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Pacific Theatres And Arclight Cinemas Won't Be Reopening


With a few exceptions, it's been a rough year for the movie industry. And the grim news continues. Pacific Theatres announced yesterday it will not be reopening its doors. The company owns Arclight Cinemas, which has locations mainly in California, also across the country. And as NPR's Andrew Limbong reports, that includes LA's historic Cinerama Dome.

ANDREW LIMBONG, BYLINE: If you're not from a place, it might be hard to care why a local landmark is closing, but the Cinerama Dome was much more than just your neighborhood spot. It represented something. When Pacific Theatres announced that it'd be renovating the concrete geodesic dome auditorium, here's what then-Cinerama Inc. director John Sittig told NPR in 2000.


JOHN SITTIG: There's probably untold hundreds of thousands that have graduated from film schools since 1963 that have read about Cinerama and never had the opportunity to see it. So we really feel there is a built-in audience out there, especially in Hollywood.

LIMBONG: And he was right. Filmgoers flocked to it, and famous boosters of all types namedropped the dome, sometimes to a detrimental effect. Actor and comedian Patton Oswalt told NPR in 2015 about his addiction to movies and how one time he was at an all-night horror marathon at the Cinerama. His girlfriend at the time wasn't super jazzed about it.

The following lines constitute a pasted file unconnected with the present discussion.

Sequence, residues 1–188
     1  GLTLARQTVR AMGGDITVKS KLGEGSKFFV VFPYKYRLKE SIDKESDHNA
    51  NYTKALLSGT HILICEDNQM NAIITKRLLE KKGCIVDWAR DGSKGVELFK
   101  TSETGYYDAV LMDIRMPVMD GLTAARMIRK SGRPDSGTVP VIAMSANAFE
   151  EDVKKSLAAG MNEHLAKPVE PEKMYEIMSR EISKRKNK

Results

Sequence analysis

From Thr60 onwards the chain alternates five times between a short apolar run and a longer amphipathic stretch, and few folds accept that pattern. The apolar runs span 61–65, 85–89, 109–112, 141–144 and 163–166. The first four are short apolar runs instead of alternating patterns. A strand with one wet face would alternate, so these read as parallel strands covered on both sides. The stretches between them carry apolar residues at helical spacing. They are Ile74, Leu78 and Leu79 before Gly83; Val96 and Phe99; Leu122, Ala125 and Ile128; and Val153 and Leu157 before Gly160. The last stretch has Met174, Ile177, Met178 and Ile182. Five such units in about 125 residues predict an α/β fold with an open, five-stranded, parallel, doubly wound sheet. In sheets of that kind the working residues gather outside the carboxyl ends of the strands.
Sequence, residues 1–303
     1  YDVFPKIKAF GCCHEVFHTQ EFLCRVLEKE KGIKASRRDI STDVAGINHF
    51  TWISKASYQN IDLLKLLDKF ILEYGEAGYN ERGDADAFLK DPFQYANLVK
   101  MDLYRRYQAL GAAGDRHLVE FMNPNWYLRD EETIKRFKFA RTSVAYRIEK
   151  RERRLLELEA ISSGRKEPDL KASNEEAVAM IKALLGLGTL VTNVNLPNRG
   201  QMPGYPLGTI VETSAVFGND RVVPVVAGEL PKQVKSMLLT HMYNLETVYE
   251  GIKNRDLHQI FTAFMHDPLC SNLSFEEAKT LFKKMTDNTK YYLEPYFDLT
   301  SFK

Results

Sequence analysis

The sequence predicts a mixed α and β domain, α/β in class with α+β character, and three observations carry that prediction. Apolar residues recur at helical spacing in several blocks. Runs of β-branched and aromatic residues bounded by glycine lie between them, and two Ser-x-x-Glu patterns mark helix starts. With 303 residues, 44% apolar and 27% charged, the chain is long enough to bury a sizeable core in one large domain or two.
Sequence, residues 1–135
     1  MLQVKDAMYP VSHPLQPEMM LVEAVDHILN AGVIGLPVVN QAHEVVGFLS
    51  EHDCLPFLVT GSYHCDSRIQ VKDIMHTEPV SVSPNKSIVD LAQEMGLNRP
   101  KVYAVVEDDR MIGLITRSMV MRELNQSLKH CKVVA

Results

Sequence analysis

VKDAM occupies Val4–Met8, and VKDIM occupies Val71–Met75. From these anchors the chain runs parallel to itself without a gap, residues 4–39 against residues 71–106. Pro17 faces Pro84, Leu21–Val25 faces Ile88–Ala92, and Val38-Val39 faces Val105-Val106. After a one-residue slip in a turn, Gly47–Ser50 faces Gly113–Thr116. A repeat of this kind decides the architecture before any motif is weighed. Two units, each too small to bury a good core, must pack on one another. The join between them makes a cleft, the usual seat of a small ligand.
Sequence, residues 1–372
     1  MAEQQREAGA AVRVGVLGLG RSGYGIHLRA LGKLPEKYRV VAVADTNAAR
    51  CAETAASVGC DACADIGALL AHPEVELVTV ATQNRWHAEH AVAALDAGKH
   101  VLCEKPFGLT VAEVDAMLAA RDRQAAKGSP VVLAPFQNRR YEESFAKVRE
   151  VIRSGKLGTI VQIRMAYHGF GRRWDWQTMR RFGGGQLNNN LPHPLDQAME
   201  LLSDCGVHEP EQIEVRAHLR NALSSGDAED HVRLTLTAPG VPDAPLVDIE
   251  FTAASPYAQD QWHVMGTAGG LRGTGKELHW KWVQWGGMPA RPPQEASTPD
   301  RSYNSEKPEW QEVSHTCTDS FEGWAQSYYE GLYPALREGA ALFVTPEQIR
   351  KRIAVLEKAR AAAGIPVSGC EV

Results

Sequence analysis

PATTON OSWALT: It was now 3 in the morning, and she wanted to go home. And I just made her walk out to the parking lot of the Cinerama Dome at 3 a.m. near the end of October in LA so that I could watch the very beginning of "I Married A Monster From Outer Space."

LIMBONG: Of course, moments and memories like these go beyond just the Cinerama Dome. The closures affect 300 screens in California alone. And there are Arclight theaters outside of Washington, D.C., in Boston and in Chicago. There's also a ripple effect to these closings as many of these theaters were big draws for malls and other shopping spaces.

KEN FENYO: I think there is a big effort to figure out, what am I going to do with all this space?

LIMBONG: Ken Fenyo is the president of research and advisory at Coresight Research, which analyzes data on retail and technology trends.

FENYO: You know, I think we're seeing some malls think about more expanded food courts and food offerings, but even things like residential redevelopment or, you know, using some of the space for fulfillment operations, you know, from various e-commerce players.

LIMBONG: But somehow going to pick up the pants you ordered online just doesn't quite have the same ring as dinner and a movie.

Andrew Limbong, NPR News. Transcript provided by NPR, Copyright NPR.

NPR transcripts are created on a rush deadline by an NPR contractor. This text may not be in its final form and may be updated or revised in the future. Accuracy and availability may vary. The authoritative record of NPR’s programming is the audio record.

Andrew Limbong is a reporter for NPR's Arts Desk, where he does pieces on anything remotely related to arts or culture, from streamers looking for mental health on Twitch to Britney Spears' fight over her conservatorship. He's also covered the near collapse of the live music industry during the coronavirus pandemic. He's the host of NPR's Book of the Day podcast and a frequent host on Life Kit.
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